HA is the main inorganic phase of the bone matrix, so it is widely applied to make scaffolds for bone tissue repair . PA66 is a form of opalescent crystalline polymer with excellent mechanical properties (good elasticity, strength, and high elongation), and its unique molecular structure is beneficial for its modification . The nHA crystals and the carboxy and amide groups of PA66 are similar to bone apatite and collagen, respectively, so the n-HA/PA66 composites were used to mimic natural bone in previous studies. They found that the physical, chemical, and mechanical characteristics of n-HA/PA66 match well with those of natural bone . The biocompatibility and oseogenesis of the n-HA/PA66 composite scaffolds were also indicated to be good both in vitro and in vivo .
The n-HA/PA66 cage used in ACDF was firstly designed as a hollow cylindrical shape and some scholars has reported its clinical and radiological outcomes. Yang et al.  investigated the outcomes for the use of hollow cylindrical n-HA/PA66 cages for single-level ACDF and concluded that the hollow cylindrical n-HA/PA66 cage is a satisfactory reconstructing implant after ACDF. Hu et al.  further analyzed the long-term follow-up (> 7 years) results of hollow cylindrical n-HA/PA66 cages used in single-level ACDF in comparison to PEEK cages. Although there were similar radiological and clinical outcomes with the hollow cylindrical n-HA/PA66 cage as the PEEK cage, the subsidence rates of the hollow cylindrical n-HA/PA66 cage were relatively high (10.6%). The authors speculated that the main reason may be that the shape of the hollow cylindrical n-HA/PA66 cage was less suitable than that of the PEEK cage, which had an impact on the biomechanical properties of the cage.
Sequentially, to reduce the subsidence rate, the hollow cylindrical n-HA/PA66 cage was redesigned into a horseshoe-shaped cage with a more suitable shape and larger bone graft volume (novel n-HA/PA66 cage). In this study, 52 patients with novel n-HA/PA66 cages (Group A) and 55 patients with hollow cylindrical n-HA/PA66 cages (Group B) were included. The 6-month postoperative IHs in both groups were comparable and significantly improved after the surgery. However, the IH at the final follow-up of Group A was significantly higher than that of Group B (36.7 mm vs. 35.9 mm, p < 0.05). Meanwhile, the subsidence rate at the final follow-up of Group A was 5.8% (3/52), which was significantly lower than that of Group B (18.2%, 10/55). These results indicated that the modifications to the morphology of the hollow cylindrical n-HA/PA66 cage were effective in lowering the subsidence rate.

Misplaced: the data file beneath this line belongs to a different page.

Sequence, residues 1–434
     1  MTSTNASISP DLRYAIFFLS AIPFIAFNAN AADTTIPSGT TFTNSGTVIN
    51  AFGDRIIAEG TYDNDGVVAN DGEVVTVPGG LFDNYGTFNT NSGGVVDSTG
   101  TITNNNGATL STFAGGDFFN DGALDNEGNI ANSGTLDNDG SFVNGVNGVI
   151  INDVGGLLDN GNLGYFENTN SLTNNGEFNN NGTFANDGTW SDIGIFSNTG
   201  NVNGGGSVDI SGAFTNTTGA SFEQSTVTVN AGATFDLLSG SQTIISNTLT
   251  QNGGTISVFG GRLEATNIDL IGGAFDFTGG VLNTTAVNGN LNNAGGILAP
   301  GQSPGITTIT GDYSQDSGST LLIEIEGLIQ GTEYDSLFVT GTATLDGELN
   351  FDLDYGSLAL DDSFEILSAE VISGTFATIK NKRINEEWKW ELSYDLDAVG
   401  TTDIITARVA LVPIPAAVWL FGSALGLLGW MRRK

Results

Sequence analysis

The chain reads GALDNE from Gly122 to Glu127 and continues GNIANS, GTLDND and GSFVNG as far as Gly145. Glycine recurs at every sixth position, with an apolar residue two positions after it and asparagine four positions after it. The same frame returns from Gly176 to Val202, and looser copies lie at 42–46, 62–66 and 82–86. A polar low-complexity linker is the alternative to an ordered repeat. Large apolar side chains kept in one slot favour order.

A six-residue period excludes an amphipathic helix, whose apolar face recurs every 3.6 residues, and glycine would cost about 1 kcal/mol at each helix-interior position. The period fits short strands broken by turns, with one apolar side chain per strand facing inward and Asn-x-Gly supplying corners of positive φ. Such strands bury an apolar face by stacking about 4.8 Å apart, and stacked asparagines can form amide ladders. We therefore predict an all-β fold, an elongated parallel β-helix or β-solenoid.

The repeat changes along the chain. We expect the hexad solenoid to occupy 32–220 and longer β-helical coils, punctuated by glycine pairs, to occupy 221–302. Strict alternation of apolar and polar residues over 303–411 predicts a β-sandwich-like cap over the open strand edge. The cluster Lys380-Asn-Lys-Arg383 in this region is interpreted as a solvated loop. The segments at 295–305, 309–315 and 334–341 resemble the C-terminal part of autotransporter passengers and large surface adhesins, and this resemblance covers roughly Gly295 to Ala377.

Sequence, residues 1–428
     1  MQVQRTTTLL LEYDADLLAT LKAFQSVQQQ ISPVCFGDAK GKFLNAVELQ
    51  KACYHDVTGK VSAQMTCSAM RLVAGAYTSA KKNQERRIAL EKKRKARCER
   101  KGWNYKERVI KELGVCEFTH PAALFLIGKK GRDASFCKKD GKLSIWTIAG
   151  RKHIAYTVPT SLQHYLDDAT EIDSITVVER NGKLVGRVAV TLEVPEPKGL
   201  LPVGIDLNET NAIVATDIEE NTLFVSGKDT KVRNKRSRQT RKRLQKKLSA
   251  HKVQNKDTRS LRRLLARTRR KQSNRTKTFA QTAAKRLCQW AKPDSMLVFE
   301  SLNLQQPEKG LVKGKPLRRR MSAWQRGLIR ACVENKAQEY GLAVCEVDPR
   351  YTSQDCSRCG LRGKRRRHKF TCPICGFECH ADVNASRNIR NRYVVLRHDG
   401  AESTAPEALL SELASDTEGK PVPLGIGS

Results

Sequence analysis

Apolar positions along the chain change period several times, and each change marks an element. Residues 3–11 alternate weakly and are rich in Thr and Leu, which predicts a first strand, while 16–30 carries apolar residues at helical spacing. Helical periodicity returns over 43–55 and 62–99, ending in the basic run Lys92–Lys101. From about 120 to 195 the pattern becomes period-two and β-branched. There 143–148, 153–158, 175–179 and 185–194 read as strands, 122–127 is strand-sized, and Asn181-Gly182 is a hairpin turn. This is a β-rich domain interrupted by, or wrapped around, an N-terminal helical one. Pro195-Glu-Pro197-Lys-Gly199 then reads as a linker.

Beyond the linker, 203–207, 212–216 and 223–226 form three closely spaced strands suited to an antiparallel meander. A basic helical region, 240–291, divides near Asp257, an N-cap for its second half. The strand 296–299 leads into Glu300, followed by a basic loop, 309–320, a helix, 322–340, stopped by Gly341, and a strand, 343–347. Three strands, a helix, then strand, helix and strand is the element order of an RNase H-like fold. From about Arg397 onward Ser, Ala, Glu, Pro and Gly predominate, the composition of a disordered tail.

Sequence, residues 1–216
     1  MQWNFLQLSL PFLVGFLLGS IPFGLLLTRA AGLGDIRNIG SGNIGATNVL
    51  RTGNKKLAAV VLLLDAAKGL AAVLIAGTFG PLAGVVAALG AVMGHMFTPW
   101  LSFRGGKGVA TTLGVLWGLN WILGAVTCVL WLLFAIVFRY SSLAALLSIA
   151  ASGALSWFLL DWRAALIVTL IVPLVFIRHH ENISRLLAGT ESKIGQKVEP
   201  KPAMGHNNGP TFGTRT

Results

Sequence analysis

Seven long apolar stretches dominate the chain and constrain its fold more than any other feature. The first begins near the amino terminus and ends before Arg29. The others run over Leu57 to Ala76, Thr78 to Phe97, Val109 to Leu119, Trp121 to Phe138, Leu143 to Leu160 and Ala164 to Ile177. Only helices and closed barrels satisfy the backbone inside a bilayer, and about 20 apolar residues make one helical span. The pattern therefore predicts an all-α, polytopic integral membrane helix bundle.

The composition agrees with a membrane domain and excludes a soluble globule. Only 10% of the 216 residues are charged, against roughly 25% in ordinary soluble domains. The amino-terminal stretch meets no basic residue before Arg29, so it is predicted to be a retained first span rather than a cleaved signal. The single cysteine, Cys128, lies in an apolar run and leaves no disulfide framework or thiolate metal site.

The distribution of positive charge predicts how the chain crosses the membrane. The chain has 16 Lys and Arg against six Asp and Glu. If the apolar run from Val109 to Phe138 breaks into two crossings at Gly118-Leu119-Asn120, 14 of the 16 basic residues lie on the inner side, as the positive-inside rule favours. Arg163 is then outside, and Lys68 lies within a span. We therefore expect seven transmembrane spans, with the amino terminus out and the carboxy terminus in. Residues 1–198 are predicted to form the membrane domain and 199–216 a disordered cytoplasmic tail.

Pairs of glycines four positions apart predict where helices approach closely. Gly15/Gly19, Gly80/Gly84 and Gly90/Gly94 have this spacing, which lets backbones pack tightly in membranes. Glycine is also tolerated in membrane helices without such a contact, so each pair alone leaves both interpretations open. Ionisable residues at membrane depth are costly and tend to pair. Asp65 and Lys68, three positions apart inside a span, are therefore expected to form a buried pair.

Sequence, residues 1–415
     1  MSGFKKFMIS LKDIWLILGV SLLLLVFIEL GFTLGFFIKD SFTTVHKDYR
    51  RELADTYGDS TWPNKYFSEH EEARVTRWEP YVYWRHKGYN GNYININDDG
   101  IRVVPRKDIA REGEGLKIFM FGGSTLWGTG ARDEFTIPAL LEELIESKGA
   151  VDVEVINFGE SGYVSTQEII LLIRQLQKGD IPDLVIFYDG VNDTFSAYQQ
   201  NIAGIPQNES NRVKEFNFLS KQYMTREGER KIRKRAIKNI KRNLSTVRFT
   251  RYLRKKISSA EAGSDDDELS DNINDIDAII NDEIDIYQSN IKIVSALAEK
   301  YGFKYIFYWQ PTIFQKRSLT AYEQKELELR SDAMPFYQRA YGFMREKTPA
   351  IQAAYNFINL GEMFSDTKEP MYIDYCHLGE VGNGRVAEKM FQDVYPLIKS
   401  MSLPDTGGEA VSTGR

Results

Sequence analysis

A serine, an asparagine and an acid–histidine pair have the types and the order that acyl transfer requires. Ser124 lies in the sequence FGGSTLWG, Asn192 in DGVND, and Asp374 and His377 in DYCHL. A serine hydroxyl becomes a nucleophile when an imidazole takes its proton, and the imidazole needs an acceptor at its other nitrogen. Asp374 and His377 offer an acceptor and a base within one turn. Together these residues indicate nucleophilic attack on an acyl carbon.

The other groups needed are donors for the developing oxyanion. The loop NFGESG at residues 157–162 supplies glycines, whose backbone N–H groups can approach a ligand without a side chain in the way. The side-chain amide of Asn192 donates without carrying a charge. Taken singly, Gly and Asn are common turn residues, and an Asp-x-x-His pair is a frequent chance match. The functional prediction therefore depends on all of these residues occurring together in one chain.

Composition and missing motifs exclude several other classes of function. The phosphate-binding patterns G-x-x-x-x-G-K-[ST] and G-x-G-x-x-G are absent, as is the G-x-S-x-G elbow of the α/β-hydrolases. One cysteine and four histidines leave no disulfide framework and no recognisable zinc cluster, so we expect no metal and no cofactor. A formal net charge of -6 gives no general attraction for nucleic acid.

Subsidence is associated with multiple factors, such as bone mineral density, smoking, operative segments, and cage characteristics (material, shape, height, etc.) [9, 21]. In the present study, the patient demographic data (age, sex, operative time, blood loss, and segments) of Groups A and B were similar, while the primary difference between the two groups was cage shape. Different cage shapes correlated with different cage-endplate interfaces and bone graft shapes and volumes and finally led to variational postoperative fusion and subsidence resistance [14, 22]. Compared to the hollow cylindrical n-HA/PA66 cage, the novel n-HA/PA66 cage’s horseshoe shape has more inverse distributed jags, which can better mimic the concave contour of the vertebral endplate and improve the contact area and anchorage. Interestingly, the bone graft volume of the novel n-HA/PA66 cage was higher than that of the hollow cylindrical n-HA/PA66 cage, but the fusion rates at 6 months postoperatively and at the final follow-up in both groups were comparable.
Postoperative complications such as cervical kyphosis, recurrence of neurological symptoms, and internal fixation failure may be related to cage subsidence because it can compromise IH and neural foramen stenosis [9, 10]. Fortunately, no patients in either group complained about subsidence-related symptoms during the follow-up. Furthermore, the JOA and VAS scores in Groups A and B were similar; they improved postoperatively and were maintained at the final follow-up. These findings could explain the comparably ideal patient satisfaction at the final follow-up in both groups.
There were several limitations in the present study. First, this was a retrospective study with a small sample size. Second, this study did not analyze patients with multiple CDDD. Hence, future prospective studies with more patients with multiple CDDD are required to investigate the outcomes when using novel n-HA/PA66 cages.